The following infographic from Visual Capitalist compares the most...
In the words of Ned Stark, winter is coming. Actually, depending on where you live, the cold months may have already arrived. With the cold often comes a thick blanket of snow. If you're a dedicated survivalist, you should prepare yourself for traversing this snow safely. That means wearing warm clothing, carrying fire-starting tools, knowing how to construct a winter shelter. However, you're not going to accomplish much if you can't even make it 10 steps into the woods due to waist-deep snow.
Snowshoes are a key asset for winter environments, but it's not always as simple as buying a pair at your local sporting goods store. There are many instances when off-the-shelf snowshoes can't be used. For example, your car may break down in the middle of nowhere, or one of your snowshoes could be damaged or lost. Maybe in your rush to bug out, you simply didn't have time to grab them. Whatever the case, it's advantageous to know how to build a pair of DIY snowshoes from found materials.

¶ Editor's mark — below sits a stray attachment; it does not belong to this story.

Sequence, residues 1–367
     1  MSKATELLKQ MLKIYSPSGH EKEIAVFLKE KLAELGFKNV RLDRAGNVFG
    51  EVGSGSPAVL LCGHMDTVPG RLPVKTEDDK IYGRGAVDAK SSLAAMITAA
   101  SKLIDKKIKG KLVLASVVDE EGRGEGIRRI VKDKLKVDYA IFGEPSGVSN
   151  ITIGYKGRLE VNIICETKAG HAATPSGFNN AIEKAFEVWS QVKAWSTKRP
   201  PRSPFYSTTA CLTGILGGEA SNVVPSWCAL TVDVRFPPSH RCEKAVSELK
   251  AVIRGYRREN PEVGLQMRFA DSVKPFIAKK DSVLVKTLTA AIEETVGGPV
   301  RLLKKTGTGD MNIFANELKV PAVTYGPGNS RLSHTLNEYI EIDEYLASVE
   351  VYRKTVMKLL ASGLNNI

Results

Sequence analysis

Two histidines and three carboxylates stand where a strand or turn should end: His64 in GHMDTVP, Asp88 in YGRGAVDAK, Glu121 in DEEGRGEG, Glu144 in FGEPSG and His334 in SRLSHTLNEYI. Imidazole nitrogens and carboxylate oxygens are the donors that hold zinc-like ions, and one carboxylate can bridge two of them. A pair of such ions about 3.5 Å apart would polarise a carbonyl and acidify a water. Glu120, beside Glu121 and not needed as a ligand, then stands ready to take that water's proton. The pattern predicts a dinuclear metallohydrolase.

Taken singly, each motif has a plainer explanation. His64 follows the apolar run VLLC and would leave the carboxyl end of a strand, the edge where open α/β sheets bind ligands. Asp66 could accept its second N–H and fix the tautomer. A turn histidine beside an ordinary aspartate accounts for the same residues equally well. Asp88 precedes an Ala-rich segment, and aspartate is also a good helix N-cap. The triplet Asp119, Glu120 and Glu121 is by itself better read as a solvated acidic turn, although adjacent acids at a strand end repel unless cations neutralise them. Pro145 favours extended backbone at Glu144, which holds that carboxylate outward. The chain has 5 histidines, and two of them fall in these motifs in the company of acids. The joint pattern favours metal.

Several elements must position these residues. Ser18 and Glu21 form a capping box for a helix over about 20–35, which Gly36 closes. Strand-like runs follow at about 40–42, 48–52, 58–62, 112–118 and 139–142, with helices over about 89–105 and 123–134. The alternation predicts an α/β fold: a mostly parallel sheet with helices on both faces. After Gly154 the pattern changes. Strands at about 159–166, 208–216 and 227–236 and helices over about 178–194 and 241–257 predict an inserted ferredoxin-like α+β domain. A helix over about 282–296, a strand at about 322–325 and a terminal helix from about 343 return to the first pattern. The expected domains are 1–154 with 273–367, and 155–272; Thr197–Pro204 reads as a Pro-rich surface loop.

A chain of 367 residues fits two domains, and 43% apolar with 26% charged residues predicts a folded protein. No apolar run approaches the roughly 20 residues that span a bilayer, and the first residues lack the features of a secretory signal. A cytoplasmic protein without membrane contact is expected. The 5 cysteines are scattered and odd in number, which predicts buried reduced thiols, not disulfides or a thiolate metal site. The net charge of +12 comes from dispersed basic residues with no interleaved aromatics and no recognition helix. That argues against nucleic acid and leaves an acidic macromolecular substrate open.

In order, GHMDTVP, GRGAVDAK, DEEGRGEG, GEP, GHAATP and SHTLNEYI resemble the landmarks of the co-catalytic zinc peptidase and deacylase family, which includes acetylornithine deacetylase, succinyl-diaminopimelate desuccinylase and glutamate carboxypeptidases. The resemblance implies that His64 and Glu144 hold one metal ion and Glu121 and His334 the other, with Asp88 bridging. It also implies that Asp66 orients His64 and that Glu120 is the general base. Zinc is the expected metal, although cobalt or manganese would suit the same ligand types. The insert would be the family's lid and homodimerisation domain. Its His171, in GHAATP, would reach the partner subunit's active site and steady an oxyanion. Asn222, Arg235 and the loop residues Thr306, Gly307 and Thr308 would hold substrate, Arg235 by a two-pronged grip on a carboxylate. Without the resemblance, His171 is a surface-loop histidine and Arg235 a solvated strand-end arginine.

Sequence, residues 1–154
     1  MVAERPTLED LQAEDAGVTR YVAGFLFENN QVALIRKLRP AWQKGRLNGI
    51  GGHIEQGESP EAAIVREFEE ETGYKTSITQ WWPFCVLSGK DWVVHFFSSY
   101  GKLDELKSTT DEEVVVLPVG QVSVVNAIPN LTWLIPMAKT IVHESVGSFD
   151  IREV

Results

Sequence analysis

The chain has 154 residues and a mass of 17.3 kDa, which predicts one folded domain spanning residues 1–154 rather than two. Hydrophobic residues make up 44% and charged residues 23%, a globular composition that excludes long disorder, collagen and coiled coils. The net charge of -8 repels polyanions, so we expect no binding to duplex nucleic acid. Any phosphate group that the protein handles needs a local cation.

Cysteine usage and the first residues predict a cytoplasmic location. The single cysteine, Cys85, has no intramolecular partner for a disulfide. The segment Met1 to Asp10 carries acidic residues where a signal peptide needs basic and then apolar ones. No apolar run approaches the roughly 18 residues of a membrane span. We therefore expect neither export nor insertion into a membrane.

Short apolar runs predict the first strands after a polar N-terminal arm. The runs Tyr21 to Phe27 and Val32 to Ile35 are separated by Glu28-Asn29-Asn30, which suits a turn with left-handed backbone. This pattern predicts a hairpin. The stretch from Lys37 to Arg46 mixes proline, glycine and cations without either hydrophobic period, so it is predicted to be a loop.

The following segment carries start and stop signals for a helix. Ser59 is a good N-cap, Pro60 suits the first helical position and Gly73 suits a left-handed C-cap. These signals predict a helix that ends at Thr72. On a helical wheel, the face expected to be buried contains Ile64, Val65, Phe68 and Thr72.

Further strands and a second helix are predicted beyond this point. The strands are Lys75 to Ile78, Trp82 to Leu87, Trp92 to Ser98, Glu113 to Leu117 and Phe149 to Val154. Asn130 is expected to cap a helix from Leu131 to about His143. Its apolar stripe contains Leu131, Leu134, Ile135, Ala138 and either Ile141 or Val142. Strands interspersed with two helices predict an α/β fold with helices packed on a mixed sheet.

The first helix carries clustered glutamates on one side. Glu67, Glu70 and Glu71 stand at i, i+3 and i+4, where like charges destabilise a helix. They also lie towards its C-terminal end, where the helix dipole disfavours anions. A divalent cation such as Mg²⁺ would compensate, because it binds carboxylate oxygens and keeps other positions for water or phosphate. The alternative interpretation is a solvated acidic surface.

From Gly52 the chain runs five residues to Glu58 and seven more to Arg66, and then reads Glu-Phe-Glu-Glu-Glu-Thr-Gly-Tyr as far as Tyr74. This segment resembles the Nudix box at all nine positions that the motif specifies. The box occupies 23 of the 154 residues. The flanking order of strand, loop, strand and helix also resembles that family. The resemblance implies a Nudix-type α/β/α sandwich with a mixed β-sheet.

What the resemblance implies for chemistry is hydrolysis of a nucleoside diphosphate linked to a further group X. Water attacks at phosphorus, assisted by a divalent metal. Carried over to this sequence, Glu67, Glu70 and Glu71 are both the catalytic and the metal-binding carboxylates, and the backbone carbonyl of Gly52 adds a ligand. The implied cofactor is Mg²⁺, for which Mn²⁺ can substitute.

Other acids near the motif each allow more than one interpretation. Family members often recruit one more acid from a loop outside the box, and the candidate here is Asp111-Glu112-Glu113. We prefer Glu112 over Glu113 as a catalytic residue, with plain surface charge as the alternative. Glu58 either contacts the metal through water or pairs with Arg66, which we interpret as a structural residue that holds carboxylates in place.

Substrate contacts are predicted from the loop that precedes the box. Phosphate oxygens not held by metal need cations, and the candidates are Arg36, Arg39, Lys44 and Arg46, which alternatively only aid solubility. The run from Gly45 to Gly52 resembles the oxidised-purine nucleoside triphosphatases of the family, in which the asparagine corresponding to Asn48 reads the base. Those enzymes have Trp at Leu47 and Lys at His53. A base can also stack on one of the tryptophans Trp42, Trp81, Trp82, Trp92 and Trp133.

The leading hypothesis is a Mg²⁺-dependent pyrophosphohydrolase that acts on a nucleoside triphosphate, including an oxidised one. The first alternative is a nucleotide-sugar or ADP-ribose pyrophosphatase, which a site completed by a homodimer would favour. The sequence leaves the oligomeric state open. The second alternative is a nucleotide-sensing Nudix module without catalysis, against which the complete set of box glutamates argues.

In the following video from Far North Bushcraft and Survival, host Lonnie shows how to build simple snowshoes from some alder saplings and spruce boughs. The outer section is composed of two curved saplings or branches, tied at each end with nylon rope or paracord. Lonnie recommends building the snowshoes at least chest-high for adequate surface area. Two boot supports are lashed to the center, and saplings are pulled through underneath.
We were definitely wondering how much of a difference the snowshoes were actually making, so we appreciated the humorous demonstration at the end of the video. Given this side-by-side comparison, we'd say this snowshoe design is a resounding success.